A "beautifully written"* (New York Times Book Review) novel of redemption by a prize-winning international literary star.
From the acclaimed author of The Beautiful Things that Heaven Bears comes a heartbreaking literary masterwork about love, family, and the power of imagination.
Following the death of his father Yosef, Jonas Woldemariam feels compelled to make sense of the volatile generational and cultural ties that have forged him. Leaving behind his marriage and job in New York, he sets out to retrace his mother and father's honeymoon as young Ethiopian immigrants and weave together a family history that will take him from the war-torn country of his parents' youth to a brighter vision of his life in America today. In so doing, he crafts a story- real or invented-that holds the possibility of reconciliation and redemption.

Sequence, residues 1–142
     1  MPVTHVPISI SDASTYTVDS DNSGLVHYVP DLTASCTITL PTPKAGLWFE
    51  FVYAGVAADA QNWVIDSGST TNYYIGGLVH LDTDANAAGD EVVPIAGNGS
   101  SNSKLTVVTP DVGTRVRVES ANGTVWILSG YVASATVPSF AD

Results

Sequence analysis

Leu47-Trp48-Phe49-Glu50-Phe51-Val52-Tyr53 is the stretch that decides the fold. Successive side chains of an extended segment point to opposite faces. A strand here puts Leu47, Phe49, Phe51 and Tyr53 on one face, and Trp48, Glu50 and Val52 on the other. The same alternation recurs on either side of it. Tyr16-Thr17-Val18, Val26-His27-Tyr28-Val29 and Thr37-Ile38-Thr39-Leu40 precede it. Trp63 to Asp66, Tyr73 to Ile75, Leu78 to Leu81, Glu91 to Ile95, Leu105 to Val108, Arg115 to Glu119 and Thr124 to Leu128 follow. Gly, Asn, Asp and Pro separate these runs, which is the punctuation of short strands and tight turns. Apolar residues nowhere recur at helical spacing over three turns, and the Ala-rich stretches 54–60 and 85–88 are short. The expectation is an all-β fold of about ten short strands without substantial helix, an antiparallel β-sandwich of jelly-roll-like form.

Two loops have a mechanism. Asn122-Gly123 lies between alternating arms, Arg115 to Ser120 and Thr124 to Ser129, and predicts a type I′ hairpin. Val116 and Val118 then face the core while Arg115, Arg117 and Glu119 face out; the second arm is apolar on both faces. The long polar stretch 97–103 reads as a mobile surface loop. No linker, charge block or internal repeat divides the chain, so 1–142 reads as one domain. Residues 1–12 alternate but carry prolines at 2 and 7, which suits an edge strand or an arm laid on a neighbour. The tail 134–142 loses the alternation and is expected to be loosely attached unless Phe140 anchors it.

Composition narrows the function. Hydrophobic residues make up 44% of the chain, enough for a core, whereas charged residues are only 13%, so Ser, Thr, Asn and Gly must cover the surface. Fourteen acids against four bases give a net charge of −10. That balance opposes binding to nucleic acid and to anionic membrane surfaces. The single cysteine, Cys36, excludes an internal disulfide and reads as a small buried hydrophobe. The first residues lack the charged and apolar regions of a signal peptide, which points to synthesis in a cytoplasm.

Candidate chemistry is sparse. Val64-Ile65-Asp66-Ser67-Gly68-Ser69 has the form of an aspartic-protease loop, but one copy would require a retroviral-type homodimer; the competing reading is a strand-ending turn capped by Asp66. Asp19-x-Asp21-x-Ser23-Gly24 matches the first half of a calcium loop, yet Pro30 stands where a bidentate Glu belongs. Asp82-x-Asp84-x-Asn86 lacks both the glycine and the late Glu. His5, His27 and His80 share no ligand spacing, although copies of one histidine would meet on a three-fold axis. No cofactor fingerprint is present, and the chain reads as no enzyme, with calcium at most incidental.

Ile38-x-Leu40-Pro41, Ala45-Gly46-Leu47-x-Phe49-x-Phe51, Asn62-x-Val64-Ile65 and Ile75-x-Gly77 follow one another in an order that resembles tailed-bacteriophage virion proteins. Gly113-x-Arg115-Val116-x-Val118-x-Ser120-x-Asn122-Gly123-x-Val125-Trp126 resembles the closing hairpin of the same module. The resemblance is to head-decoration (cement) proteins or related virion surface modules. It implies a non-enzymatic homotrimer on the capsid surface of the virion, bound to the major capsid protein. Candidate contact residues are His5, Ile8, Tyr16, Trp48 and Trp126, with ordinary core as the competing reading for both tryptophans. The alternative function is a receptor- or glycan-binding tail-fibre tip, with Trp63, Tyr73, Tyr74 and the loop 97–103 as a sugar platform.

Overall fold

Mengestu (The Beautiful Things That Heaven Bears) stunningly illuminates the immigrant experience across two generations. Jonas Woldemariam's parents, near strangers when they marry in violence-torn Ethiopia, spend most of the early years of their marriage separated, eventually reuniting in America, but their ensuing life together devolves into a mutual hatred that forces a contentious divorce. Three decades later, Jonas, himself moving toward a divorce, retraces his parents' fateful honeymoon road trip from Peoria, Ill., to Nashville in an attempt to understand an upbringing that turned him into a man who has "gone numb as a tactical strategy" and become a fluent and inveterate liar a skill that comes in handy at his job at an immigration agency, where he embellishes African immigrants' stories so that they might be granted asylum. Mengestu draws a haunting psychological portrait of recent immigrants to America, insecure and alienated, striving to fit in while mourning the loss of their cultural heritage and social status. Mengestu's precise and nuanced prose evokes characters, scenes, and emotions with an invigorating and unparalleled clarity.